Of course, these options may have some (small) performance impact.

If you're turning off HTTP Keepalive completely, the browser is forced to setup 
new tcp connection, including the full tcp handshake for every object
to retrieve and the two packets for tearing down the connection.
If your website e.g. contains 40 images, you'll open and close at least 41 
connetions: the first for retrieving the html-part, another 40
connections for every single image (that's over-simplified, about every browser
does open a few connections in parallel - yet much fewer than those 40).

If the network latency between client and server is high, opening that
many connections one after another may result in a noticable delay.

By using HTTP keepalive, your browser will open one connection and ask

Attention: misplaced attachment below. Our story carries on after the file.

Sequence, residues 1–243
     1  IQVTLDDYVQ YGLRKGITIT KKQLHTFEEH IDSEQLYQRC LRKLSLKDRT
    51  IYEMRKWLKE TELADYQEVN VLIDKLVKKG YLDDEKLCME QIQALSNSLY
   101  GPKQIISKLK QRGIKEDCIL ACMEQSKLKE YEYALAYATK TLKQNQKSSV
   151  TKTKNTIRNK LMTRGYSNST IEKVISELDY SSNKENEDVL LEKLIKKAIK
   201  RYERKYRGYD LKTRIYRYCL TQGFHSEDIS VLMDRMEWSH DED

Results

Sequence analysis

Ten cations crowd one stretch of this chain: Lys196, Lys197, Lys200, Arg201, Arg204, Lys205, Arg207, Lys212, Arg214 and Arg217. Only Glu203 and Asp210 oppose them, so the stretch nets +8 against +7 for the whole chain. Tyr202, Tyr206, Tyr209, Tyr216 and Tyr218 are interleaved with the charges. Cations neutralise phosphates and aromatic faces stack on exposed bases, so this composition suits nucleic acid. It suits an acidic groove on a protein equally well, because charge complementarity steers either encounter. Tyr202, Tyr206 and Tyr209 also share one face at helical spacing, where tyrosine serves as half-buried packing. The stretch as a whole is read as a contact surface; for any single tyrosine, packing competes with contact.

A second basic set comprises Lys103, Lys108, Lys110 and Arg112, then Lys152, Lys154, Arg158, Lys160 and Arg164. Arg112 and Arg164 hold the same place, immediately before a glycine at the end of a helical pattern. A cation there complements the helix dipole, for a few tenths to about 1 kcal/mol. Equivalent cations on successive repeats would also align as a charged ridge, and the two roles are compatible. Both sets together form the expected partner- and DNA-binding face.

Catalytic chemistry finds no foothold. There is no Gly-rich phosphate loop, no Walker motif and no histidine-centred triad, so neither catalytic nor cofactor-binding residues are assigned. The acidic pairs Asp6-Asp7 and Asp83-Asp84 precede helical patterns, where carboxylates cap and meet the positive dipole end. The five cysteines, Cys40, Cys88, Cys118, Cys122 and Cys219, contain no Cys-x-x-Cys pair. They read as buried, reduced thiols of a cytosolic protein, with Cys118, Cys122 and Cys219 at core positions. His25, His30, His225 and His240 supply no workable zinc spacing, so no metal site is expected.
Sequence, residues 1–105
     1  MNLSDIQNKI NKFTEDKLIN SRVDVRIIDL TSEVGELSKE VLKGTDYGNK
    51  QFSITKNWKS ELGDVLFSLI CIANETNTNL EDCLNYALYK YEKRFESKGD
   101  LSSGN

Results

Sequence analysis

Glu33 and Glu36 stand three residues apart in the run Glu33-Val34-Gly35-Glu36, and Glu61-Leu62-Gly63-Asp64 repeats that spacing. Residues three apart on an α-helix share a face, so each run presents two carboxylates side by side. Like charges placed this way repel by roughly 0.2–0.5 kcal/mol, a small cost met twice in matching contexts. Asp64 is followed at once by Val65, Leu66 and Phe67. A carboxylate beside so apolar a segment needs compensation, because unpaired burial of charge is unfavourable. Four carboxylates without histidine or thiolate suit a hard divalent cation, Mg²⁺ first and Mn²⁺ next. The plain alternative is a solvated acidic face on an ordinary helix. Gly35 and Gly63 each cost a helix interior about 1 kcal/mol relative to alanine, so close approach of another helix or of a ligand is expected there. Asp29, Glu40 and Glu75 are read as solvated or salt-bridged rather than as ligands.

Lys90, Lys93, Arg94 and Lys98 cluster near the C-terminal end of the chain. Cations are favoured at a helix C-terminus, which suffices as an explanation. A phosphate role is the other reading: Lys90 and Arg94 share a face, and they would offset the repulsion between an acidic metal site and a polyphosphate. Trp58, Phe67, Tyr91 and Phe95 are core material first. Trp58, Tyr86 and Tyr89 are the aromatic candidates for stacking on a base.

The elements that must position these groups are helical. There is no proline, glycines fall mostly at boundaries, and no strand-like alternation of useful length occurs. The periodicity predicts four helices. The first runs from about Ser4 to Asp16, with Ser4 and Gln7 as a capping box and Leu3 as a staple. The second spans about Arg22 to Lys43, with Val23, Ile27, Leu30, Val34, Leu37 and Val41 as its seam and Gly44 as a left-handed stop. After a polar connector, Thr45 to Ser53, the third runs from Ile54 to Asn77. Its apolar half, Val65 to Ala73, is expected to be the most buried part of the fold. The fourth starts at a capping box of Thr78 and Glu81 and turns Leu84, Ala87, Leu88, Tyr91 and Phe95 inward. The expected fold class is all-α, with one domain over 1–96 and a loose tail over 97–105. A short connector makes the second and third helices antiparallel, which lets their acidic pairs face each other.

one image after the other via this connection, without setting up new
connections and tearing down connections, the website is somehow faster.
Additionally, long-living tcp connections do automatically increase
their tcp receive window size, which may give you a little bit of extra
performance as well.

If you decrease your IIS keepalive timeout lower than the limit of your
clients, your server is likely the one who'll be initiating closing of idle
tcp connections. If your server does this frequently, you'll end up
collecting lots of connections in the TIME_WAIT state (well, usually
less than without keepalive at all, but depending on the exact setup,
this may result in some trouble opening outgoing connections).

> And another thing - what is the colum named "Inactive Conenctions" in the
> output from ipvsadm used for? Which connections are considered inactive?